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San Luis Valley Health Recognizes Sepsis Awareness Month

September Sepsis logo

In early August The Valley Courier published a guest opinion by Shawna Manzanares regarding the threat of Sepsis. San Luis Valley Health (SLVH) joins Ms. Manzanares in honoring September as Sepsis Awareness Month. Every two minutes, someone dies from sepsis in the United States – more than prostate cancer, breast cancer and AIDS combined. Nearly 17,000 Coloradans were diagnosed with sepsis in 2016. “Sepsis is quite possibly one of the most complex medical processes out there. It’s not a specific symptom that is easily memorized or recognized by patients,” notes Dr. Megan Koenig, SLVH Emergency Room Medical Director. Sepsis is the body’s response to infection and can lead to tissue damage, organ failure and death. “Here at SLVH we have taken a very deliberate and proactive approach to find and treat the infection quickly, through education and awareness,” says Koenig.

SLVH has joined efforts with hospitals across the state to improve early identification of sepsis which is key to effective treatment. In addition, SLVH has improved its system for timely interventions and standardized processes across the organization to support effective health care management. Rebecca Sours, RN, BSN, Assistant Director of Nursing and Nurse Informatics Specialist recently summarized key action steps,

“We’ve built a sepsis assessment into our emergency department triage. If a patient screen is positive, and they have suspected source of infection, it triggers the provider to use an ‘order set’ that has everything pre-checked and ready to go.”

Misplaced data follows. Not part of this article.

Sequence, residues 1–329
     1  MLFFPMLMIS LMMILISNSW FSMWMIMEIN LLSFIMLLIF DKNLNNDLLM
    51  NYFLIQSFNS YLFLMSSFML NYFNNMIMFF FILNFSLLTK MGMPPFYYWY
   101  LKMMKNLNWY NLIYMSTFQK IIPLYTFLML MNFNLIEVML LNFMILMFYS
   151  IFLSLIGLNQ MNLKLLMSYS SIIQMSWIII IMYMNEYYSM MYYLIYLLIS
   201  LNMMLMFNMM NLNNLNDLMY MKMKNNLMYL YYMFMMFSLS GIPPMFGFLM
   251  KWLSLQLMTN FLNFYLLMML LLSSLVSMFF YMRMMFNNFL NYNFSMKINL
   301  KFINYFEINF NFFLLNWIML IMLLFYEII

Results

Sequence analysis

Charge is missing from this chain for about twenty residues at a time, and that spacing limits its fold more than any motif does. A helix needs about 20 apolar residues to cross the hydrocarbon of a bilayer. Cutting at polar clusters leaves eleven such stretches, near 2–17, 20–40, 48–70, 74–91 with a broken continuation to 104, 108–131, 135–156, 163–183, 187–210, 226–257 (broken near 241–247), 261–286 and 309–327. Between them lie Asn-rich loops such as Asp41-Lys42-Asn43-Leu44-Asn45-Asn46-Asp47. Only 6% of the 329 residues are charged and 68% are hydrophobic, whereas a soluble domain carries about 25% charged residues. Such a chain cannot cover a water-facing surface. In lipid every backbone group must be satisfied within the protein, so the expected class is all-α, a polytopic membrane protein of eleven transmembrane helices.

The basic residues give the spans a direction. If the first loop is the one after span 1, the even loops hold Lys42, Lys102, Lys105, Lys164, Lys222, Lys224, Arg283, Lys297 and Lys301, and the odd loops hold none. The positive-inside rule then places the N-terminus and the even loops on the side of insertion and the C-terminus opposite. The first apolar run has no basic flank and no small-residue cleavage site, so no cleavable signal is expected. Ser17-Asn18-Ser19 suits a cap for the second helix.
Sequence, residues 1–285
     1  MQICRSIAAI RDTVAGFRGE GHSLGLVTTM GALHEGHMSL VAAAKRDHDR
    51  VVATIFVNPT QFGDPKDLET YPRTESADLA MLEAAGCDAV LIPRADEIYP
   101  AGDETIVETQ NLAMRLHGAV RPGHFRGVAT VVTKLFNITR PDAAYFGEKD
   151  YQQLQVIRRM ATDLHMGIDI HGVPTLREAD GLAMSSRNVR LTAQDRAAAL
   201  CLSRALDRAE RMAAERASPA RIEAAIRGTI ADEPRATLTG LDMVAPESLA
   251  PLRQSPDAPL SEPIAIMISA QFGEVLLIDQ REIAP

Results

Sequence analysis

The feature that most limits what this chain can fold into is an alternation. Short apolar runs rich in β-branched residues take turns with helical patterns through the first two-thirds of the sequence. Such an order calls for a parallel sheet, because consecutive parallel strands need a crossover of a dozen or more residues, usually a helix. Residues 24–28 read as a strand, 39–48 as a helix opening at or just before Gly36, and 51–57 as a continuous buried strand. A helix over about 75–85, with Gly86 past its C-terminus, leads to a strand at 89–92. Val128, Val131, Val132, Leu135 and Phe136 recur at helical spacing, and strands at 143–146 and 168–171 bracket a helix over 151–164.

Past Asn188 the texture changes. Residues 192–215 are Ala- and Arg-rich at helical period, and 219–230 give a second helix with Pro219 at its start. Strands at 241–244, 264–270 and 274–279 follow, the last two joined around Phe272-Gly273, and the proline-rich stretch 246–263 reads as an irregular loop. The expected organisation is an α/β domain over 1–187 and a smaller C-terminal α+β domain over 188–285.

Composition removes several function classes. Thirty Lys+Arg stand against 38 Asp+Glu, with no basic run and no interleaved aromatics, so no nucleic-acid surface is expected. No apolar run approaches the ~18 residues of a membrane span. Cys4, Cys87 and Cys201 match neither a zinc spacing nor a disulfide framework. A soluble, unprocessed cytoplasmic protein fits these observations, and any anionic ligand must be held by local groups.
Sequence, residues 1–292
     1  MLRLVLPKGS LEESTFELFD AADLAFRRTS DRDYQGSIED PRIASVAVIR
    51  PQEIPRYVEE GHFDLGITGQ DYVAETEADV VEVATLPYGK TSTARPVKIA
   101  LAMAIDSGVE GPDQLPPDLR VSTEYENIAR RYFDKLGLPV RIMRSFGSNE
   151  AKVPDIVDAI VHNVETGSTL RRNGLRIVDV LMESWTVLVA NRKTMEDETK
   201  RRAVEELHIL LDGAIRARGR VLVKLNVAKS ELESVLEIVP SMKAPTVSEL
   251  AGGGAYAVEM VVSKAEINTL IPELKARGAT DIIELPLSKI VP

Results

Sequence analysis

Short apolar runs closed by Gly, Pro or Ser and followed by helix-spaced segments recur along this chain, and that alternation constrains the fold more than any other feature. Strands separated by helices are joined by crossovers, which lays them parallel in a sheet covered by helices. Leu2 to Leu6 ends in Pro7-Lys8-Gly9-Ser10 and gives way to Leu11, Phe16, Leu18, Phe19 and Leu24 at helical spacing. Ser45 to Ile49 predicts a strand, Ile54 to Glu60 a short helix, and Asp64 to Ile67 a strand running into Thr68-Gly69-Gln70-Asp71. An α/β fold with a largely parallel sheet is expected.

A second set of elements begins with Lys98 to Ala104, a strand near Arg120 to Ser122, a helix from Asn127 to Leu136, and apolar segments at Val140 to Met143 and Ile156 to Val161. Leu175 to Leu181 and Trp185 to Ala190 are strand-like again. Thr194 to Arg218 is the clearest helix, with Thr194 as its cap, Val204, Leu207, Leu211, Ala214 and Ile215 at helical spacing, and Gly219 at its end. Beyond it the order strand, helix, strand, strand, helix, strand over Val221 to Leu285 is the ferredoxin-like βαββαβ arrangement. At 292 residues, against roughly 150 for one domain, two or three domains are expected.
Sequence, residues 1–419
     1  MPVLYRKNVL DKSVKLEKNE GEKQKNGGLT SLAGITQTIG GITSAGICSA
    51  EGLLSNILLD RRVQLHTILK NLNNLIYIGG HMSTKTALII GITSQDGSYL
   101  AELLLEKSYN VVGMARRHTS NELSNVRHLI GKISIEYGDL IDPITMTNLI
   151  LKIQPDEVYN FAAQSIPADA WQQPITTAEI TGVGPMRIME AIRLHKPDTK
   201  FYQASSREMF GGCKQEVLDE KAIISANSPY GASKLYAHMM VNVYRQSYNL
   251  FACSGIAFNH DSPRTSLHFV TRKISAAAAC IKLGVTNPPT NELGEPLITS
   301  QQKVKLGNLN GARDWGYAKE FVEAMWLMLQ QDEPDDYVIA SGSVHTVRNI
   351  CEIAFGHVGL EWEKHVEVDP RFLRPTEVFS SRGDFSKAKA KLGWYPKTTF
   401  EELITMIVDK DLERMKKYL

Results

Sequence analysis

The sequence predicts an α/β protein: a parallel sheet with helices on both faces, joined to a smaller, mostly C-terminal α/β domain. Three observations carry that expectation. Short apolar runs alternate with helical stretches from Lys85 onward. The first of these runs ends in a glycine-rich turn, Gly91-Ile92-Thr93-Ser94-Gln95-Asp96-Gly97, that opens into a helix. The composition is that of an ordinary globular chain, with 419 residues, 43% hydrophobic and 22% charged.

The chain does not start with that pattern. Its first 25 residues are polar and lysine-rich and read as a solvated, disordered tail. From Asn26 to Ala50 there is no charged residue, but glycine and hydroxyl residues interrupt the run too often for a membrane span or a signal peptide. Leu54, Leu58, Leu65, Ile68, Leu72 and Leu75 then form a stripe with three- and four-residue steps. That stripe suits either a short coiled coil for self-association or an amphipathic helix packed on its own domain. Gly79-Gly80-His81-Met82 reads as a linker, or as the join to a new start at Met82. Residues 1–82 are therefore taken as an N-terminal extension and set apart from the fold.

These efforts help save time delivering critical health care services.

Most often, sepsis begins outside the hospital and all individuals have an important role to prevent Sepsis by:

  • Getting vaccinated (against the flu, pneumonia, and other infections that could lead to Sepsis).
  • Preventing infections that can lead to Sepsis (by cleaning scrapes and wounds and practicing good hand hygiene).
  • Knowing that time matters. If symptoms get worse following an infection, get medical help immediately and let medical providers know you’re concerned about Sepsis.

Kiley Gibbs, RN, BSN, CEN, Director of Emergency Services and key Sepsis champion at SLVH says it all,

"Together as a community we can fight Sepsis!”

To read The Valley Courier guest opinion by Shawna Manzanares on sepsis awareness, view the link below:

Guest opinion: Mom brings awareness to sepsis threat